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  • Writer's pictureDr. Allan Purtill

Midweek Moment, July 15, 2020

Here I sit on vacation. What is vacation like in our family? It usually includes the outdoors, water sports, card games, delicious meals, laughter, and time for and rest. This year we planned a beach trip and the four of us headed to the coast.

We are tanning and playing at Sunset Beach, NC and thankfully there is plenty of room for everyone to spread out. The waves have provided ample body surfing and the sand, well you know, sand is the gift that keeps on giving.

Sunset Beach is located just to the north and east of Bird Island, the only remaining undeveloped barrier island in Brunswick County. It’s salvation came, some say, in the mail.

For decades the 1000 plus acres of marsh and white sandy dunes have held a secluded, but sought after, retreat known as the Kindred Spirit Mailbox. The box beckons to all who walk the 1.5 miles from the nearest road. Any pilgrim who comes along is drawn up from the beach to one of the welcoming benches high on the dune.

Upon opening the mailbox you find several well loved journals and a couple of old pens. You can sit and read other's thoughts and prayers, or write your own as you watch the waves roll in. Thousands have made their pilgrimage to the Kindred Spirit Mailbox on Bird Island. The island has a lot of friends, friends who rallied against its development to preserve this sacred space.

While planning our trip, Jenny mentioned renting bikes to make the 2.5 mile trek from our house, but the rental place was all sold out. So, we decided to hoof it. The walk was longer than expected and the kids eventually caught up to us on the two bikes we brought from home.

We each shared a small ration of water from the one bottle we happened to bring, and then we hiked up the dune to find the flag up at the mailbox. A world of other people’s wishes, petitions, and laments was revealed to us. We sat, we listened, we wrote in the sacred journals and then we made our way back up the hot and sunny beach.

Upon arriving back at our rented cottage we were thirsty and “wore out” as some might say. Our vacations always involve some kind of endurance course. The trip to Bird Island was a welcome and needed time of reflection.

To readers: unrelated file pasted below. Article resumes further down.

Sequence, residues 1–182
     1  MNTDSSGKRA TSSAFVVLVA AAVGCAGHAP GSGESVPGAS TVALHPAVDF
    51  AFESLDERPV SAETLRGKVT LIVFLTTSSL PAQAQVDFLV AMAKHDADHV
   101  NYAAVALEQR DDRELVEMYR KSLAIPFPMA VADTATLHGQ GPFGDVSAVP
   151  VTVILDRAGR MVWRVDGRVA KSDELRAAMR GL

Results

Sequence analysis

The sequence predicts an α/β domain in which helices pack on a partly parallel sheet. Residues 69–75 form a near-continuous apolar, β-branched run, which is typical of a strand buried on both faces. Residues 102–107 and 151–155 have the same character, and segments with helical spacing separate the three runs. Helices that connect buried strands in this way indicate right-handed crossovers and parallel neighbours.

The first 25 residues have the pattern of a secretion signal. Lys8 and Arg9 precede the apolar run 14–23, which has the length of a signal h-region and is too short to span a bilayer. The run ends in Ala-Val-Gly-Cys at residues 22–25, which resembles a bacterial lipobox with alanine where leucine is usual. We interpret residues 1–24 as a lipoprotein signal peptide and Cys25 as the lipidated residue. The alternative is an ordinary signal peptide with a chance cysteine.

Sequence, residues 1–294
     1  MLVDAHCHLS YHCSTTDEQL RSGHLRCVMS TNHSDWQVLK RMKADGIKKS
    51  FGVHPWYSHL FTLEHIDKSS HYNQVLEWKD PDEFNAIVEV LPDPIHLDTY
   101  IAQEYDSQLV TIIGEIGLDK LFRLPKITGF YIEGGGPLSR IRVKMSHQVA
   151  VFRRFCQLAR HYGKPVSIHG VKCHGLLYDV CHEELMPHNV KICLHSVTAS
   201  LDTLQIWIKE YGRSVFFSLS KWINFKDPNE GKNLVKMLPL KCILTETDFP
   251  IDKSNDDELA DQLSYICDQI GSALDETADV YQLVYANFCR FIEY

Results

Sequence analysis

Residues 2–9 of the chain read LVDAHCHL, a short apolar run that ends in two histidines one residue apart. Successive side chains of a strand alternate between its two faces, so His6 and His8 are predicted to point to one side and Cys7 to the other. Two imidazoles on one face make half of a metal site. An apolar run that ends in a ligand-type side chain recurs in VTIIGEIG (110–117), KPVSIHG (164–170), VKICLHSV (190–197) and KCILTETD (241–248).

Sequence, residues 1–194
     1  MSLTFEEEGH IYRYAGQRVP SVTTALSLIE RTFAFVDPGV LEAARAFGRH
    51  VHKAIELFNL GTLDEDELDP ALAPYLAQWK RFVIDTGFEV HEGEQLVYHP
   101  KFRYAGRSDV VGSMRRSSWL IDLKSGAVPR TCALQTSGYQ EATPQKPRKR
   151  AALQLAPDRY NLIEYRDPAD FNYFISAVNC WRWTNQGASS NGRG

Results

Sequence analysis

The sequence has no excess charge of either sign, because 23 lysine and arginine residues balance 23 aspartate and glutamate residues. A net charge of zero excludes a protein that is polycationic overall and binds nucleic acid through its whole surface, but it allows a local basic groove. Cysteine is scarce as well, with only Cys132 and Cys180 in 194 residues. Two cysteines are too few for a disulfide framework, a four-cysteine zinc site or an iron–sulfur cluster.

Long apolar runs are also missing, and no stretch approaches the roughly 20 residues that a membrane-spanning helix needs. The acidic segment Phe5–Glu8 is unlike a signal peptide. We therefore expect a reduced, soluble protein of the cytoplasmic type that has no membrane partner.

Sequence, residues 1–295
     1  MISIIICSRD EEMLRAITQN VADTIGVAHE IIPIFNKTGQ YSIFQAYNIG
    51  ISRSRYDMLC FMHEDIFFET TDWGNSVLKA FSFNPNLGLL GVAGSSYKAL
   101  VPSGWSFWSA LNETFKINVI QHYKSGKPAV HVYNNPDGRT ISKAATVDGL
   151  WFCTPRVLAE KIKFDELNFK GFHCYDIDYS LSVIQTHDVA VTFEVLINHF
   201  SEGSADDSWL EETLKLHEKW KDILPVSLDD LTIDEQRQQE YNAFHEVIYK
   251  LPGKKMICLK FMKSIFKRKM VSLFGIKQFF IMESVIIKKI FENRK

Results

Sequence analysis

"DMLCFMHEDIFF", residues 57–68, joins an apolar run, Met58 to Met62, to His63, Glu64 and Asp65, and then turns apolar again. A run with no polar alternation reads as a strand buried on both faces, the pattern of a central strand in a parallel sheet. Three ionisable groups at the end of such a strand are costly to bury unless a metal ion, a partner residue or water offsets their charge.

This summer, as a church, we’ve been journeying through the Psalms of Ascent, pilgrim songs. Psalm 124 reads,

If it had not been the Lord who was on our side

—let Israel now say—

if it had not been the Lord who was on our side, when our enemies attacked us,

then they would have swallowed us up alive, when their anger was kindled against us;

then the flood would have swept us away, the torrent would have gone over us;

then over us would have gone the raging waters.

Blessed be the Lord, who has not given us

as prey to their teeth.

We have escaped like a bird from the snare of the fowlers; the snare is broken, and we have escaped.

Our help is in the name of the Lord, who made heaven and earth.

It’s good to have time to play, rest and most importantly reflect. Personally, there are many moments in my life when I can look back and say, “Wow, if the Lord hadn’t been on my side I don’t know what I would have done.” Amidst the challenges and strains of these days we, the church, share a kindred spirit. The Lord is indeed with us.

I couldn’t help but notice the way people poured out their souls in those journals on Bird Island. We all need someone with whom we can relate. We share a God who desires to relate to us, but sometimes we have trouble connecting on our end. It’s in those times that we’re blessed with friends in whom we can confide. The listeners, secret keepers, prayer partners and kindred spirits with whom we sojourn are gifts from God

It’s a blessing to know that God never leaves us, and it is good to know that God is always listening. God is a patient God and hears, or reads, all our prayers. We may have to wait to hear back, but God keeps our wishes and longings and God handles our anger with grace when our hopes aren’t realized the way we planned.

It wasn’t the mailbox that saved Bird Island, it was the human need to connect with someone beyond ourselves. God gives us a spiritual connection to one another and to God through Christ. The Spirit that is indeed upon you.

I’m thankful for the kindred spirits we share at Tryon Presbyterian Church and beyond. God be with you ‘till we meet again,


Dr. Allan Purtill

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